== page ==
On World Coffee Day, Simon Fraser University was proud to announce it has been designated by Fairtrade Canada and the Canadian Fairtrade Network (CFTN) as the first educational institution in the country to attain Fair Trade Gold Campus status – the highest level of designation.
Fairtrade aims to make a positive difference in the lives of farmers, workers, and communities around the globe by paying fairer prices and ensuring decent working conditions. Since being named a Fair Trade Campus back in 2012, SFU has shown leadership on its campuses, in its neighboring communities and across Canada.
“SFU continues to set the high bar when it comes to committing to sustainability and trade justice,” says Julie Francoeur, executive director of Fairtrade Canada.
SFU has not only changed its procurement policies by committing to serving Fairtrade products like coffee, tea, chocolate, avocados and bananas, but has also encouraged major foodservice companies to serve Fairtrade products. As an example of SFU’s advocacy work, Starbucks introduced Fairtrade espresso at SFU in 2013 – a first for any higher educational institution – and it is now served on campuses across the country.
“What started out as a grassroots student initiative on its campus 10 years ago, SFU has become an exceptional leader doing much to raise Fairtrade awareness across Canada and inspiring others to do likewise,” says Sean McHugh, executive director of the CFTN.
In 2018, SFU launched an award-winning, student-run Fair Trade Ambassador program where students educate others through their on-campus outreach. The Ambassadors also introduced Fairtrade roses at Convocation and worked to assist the University Highlands Elementary School, The Point Church, and the SFU Childcare Society to become Fair Trade designated as well.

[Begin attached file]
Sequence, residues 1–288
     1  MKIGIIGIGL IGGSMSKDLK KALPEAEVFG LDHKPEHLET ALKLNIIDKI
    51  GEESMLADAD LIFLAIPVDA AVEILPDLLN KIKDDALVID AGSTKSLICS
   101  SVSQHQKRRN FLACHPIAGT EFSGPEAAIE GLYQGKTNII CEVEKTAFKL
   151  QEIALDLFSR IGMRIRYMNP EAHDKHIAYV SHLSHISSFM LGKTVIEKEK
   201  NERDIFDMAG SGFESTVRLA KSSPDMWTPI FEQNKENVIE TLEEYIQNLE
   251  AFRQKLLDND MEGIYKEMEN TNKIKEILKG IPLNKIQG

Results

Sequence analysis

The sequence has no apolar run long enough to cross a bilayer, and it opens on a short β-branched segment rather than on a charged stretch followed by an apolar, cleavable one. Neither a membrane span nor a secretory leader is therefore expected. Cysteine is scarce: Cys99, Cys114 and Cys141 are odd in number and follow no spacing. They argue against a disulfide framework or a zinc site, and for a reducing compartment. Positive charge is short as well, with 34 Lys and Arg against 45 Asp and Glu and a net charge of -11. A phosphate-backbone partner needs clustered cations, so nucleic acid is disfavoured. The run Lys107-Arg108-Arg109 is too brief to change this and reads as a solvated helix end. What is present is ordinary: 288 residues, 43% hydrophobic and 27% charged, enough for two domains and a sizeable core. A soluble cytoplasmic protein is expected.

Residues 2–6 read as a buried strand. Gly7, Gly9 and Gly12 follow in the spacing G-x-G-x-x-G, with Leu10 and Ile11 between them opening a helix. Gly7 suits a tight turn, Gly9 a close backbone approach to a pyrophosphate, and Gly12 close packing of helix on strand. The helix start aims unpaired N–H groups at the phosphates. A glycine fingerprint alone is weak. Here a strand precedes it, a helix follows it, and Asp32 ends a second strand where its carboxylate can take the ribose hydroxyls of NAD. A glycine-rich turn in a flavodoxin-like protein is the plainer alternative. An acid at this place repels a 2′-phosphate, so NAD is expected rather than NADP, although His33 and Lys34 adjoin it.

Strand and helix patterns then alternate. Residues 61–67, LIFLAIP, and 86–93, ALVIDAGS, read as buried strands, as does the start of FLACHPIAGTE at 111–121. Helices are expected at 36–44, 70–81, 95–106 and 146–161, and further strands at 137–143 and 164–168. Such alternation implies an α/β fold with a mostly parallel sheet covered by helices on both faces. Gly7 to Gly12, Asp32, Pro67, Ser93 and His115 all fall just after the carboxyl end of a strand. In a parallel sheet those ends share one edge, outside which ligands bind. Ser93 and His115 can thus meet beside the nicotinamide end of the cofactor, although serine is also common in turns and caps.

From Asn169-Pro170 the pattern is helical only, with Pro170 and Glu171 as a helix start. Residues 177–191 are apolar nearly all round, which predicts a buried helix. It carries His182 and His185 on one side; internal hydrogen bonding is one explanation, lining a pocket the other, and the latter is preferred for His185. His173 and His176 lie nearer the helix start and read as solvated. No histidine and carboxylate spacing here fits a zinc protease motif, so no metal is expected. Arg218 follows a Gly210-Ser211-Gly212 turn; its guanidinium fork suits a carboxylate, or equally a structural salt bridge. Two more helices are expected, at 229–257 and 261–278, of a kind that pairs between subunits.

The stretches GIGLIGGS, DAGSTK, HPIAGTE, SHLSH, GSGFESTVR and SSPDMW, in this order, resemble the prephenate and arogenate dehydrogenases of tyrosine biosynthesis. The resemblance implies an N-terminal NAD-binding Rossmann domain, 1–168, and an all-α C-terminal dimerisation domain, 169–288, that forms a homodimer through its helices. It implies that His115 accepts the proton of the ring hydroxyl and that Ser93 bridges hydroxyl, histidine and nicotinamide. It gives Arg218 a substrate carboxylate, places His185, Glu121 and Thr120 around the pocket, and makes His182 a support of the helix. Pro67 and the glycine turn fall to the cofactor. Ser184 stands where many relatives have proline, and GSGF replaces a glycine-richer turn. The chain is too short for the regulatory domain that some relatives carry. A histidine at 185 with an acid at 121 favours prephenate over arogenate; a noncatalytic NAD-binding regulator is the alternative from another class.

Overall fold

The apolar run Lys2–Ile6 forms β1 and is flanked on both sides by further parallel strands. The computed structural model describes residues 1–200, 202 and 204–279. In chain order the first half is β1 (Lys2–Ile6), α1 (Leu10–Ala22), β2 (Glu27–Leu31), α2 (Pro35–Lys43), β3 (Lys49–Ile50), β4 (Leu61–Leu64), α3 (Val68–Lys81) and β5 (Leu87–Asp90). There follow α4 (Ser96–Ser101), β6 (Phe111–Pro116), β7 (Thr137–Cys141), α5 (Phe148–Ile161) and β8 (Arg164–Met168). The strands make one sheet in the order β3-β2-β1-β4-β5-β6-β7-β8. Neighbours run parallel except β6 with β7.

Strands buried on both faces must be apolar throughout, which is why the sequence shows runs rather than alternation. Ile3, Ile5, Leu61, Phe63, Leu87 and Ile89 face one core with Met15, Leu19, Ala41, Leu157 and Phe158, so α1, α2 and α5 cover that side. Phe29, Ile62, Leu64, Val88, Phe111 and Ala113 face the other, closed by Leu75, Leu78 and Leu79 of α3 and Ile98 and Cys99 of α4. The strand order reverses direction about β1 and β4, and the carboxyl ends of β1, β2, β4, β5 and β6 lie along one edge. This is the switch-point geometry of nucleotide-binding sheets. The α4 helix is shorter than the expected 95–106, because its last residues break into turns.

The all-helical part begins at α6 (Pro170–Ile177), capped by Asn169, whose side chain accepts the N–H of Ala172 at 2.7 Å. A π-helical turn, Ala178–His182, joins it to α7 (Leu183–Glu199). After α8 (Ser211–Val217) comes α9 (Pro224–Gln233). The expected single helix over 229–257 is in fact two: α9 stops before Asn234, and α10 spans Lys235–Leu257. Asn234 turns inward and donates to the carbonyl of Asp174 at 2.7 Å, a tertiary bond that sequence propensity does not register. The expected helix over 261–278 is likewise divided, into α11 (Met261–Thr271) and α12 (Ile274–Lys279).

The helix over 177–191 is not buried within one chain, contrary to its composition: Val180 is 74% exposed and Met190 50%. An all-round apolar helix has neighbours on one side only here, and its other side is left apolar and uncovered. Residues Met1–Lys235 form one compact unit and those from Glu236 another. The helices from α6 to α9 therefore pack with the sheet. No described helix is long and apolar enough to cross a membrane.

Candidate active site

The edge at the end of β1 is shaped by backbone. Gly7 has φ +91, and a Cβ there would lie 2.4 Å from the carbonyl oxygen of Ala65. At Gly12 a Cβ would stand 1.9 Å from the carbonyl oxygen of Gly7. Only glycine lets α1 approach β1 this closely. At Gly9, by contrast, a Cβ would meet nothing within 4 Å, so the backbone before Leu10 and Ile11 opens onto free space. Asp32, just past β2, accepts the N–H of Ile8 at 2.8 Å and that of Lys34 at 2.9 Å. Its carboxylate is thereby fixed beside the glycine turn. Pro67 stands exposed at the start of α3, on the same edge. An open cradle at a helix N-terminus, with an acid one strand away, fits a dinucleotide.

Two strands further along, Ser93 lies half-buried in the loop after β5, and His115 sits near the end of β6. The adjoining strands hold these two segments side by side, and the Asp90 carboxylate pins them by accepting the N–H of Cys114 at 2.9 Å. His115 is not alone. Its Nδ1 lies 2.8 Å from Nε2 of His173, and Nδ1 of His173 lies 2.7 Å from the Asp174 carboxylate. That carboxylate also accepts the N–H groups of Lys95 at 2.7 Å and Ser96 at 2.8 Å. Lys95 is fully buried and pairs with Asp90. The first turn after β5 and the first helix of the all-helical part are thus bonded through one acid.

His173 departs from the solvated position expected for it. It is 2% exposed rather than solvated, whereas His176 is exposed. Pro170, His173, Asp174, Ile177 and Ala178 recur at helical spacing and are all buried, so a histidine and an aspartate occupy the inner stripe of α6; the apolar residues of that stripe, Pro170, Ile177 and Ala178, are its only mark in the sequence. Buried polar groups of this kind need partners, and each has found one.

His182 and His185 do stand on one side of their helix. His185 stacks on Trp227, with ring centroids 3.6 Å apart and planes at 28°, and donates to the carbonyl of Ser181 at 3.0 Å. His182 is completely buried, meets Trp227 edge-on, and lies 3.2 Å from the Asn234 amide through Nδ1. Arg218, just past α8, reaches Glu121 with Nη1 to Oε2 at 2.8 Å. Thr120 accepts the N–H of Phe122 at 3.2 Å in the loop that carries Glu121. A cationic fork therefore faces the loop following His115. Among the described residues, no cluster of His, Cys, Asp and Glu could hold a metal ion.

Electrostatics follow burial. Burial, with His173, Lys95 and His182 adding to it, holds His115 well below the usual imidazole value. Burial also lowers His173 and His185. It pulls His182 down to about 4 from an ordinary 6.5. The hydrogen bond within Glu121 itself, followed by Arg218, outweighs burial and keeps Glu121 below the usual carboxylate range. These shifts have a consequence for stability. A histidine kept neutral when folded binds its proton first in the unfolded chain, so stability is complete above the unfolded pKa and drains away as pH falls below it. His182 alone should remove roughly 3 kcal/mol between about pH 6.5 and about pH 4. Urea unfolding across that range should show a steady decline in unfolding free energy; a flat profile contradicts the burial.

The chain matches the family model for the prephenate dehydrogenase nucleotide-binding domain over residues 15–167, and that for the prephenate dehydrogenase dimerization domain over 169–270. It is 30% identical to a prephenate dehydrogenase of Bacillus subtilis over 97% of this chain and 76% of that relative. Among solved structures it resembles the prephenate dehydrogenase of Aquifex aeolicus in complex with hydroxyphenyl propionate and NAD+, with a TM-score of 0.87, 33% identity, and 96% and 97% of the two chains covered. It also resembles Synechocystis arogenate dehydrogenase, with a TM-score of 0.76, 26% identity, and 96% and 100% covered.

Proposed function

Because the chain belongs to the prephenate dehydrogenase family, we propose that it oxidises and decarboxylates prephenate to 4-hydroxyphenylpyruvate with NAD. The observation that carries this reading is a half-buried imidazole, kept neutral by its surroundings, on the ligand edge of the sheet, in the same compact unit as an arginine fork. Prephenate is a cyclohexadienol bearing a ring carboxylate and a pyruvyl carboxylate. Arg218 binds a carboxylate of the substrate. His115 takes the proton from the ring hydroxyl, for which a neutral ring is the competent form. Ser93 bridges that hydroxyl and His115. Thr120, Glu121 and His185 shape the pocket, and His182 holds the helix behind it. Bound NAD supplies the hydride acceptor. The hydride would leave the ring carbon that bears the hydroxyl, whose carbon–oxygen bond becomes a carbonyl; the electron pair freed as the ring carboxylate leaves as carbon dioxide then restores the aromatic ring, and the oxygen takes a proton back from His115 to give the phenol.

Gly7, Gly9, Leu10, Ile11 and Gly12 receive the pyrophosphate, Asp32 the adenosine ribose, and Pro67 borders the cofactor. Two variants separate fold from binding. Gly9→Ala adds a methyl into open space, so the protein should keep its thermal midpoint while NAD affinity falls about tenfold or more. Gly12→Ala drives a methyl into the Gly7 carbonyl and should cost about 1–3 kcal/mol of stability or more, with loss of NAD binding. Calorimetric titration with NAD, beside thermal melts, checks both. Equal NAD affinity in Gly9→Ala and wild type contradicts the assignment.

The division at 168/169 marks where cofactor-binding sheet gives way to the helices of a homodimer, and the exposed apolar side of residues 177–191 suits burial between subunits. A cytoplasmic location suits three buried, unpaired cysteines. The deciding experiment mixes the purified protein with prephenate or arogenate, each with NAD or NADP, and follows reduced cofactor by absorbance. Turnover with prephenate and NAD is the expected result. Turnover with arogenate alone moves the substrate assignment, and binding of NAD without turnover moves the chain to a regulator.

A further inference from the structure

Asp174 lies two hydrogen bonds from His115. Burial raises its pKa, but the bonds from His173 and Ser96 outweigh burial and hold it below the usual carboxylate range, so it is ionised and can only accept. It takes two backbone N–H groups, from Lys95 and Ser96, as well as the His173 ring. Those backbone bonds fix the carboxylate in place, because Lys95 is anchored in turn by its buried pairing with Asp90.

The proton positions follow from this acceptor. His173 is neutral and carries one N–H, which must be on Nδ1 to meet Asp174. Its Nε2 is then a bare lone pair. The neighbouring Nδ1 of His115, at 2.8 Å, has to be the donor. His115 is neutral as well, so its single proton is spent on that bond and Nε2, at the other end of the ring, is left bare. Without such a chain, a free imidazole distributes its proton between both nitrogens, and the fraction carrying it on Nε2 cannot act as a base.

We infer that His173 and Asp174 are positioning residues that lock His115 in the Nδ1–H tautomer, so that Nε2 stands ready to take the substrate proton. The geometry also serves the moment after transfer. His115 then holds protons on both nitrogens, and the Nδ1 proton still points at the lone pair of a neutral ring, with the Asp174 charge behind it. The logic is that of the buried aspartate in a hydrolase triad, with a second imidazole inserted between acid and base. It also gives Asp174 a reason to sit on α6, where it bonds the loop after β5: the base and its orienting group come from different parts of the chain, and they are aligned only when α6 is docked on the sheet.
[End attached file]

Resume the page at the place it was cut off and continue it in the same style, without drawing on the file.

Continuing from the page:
In 2019, Fair Trade student ambassador, Elysha Fong, brought national attention to SFU when her essay entitled “The Value of Campus Work: Enjoying Personal Growth Opportunities Beyond the Classroom” won the grand prize in a national publication.
“We are honored to be the first campus to receive this Fair Trade Gold Campus recognition,” says Mark McLaughlin, Chief Commercial Services Officer, SFU Ancillary Services. “This achievement is the result of our faculty, staff, and students taking action and speaking out in support of farmers and workers around the globe, not only at SFU but in our communities as well.”
SFU’s Fair Trade journey, which began with a few vocal students 10 years ago, has culminated with today’s Fair Trade Gold Campus designation. The efforts, as a community, have made a real impact in improving lives for farmers and their families for generations to come.